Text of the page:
Nothing has been ruled out in the "rapid review" of rules governing the relationship between the Commons and Lords ordered by David Cameron after peers blocked Government plans to cut tax credits, a Cabinet minister has said.
Leader of the Commons Chris Grayling accused unelected Labour and Liberal Democrat peers of breaking parliamentary convention in order to "wreck" the Government's financial programme, and said it was clear that change was needed.
He confirmed that changes will be announced in November's Autumn Statement to ease the transition to lower tax credit payments for millions of households, but insisted the Government would not be distracted from its plan to balance the nation's books by the next election in 2020.
Peers backed two motions delaying the cuts following a series of impassioned speeches warning of the impact the changes would have on the poorest families.
Chancellor George Osborne, who will appear at the despatch box for Treasury questions and is also facing calls to make a full statement on the debacle, was forced to announce he would set out plans in the Autumn Statement to soften the blow for claimants hit by the reforms.
Details of the review ordered by David Cameron after peers defied a century-old convention not to block financial measures approved by the Commons would be worked out "in the next few hours", said Mr Grayling.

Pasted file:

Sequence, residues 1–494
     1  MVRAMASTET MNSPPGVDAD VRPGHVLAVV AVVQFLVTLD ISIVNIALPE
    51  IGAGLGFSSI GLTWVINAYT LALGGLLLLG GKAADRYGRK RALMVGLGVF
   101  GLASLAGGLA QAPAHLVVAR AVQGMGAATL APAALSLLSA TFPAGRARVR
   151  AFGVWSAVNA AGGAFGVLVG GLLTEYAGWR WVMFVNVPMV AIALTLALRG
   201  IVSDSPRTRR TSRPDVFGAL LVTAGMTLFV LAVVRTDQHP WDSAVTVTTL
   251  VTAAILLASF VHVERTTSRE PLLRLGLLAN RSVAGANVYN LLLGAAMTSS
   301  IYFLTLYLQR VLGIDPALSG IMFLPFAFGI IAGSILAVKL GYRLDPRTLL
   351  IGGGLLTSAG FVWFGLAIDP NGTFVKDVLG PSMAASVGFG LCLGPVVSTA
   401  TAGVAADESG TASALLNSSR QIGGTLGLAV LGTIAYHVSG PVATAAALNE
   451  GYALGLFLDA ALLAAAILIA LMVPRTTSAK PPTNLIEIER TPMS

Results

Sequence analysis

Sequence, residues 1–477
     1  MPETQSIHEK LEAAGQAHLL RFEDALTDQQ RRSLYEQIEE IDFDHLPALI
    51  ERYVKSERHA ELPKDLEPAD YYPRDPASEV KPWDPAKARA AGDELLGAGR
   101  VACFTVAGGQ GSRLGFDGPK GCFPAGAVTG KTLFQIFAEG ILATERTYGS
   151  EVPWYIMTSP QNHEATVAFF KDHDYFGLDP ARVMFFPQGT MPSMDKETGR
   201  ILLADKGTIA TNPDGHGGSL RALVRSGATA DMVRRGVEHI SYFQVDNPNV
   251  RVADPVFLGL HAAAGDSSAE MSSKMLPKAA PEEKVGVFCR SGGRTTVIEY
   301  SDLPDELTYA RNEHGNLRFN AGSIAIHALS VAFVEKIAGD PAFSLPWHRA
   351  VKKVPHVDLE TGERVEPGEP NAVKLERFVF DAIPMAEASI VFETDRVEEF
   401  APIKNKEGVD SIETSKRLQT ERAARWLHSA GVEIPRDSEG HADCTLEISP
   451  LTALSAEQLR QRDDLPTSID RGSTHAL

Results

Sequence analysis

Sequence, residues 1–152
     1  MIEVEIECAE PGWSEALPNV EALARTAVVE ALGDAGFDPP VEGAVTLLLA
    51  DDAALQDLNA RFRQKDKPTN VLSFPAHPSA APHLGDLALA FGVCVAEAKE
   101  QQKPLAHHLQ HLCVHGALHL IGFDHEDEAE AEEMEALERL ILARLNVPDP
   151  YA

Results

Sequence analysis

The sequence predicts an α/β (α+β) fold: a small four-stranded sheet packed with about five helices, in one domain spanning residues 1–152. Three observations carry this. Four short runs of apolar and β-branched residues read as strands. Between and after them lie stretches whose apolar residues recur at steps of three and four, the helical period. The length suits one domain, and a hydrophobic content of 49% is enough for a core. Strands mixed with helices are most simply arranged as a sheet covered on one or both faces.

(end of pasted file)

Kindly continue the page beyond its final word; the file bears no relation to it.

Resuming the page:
But he insisted that the rethink of parliamentary conventions itself would not be rushed but would be carried out "in a measured way".
Asked whether the PM had ruled out the option of creating 100 or more Tory peers in order to secure a majority in the Upper House, Mr Grayling told BBC Radio 4's Today programme: "I don't think we are ruling anything in or out at this stage.
"My view is I would be reluctant to see us do really dramatic changes, but it is really a matter of trying to sort out the relationship between the Commons and the Lords, if the Lords is intent on wrecking the manifesto of the elected Government.
"We have already last week seen them reject something that was in our manifesto, we have seen them reject part of the welfare changes that were very much part of our election platform in May.
"If it is their intention to tear up the rules that have applied for half a century and say 'We are happy to throw out the programme of the elected Government', then of course we have got to address that."
In response to suggestions that Monday's defeat indicated the scale of public concern about the proposed £4.4 billion cuts to tax credits - which were not explicitly set out in the Conservative manifesto - Mr Grayling added: "I think this is all about Labour and Liberal Democrat peers in the Lords who are unhappy that they lost the election - the Lib Dems have eight MPs and 100 peers - deciding they want to wreck the Government's programme.
"There will have to be change. Of course there will have to be change."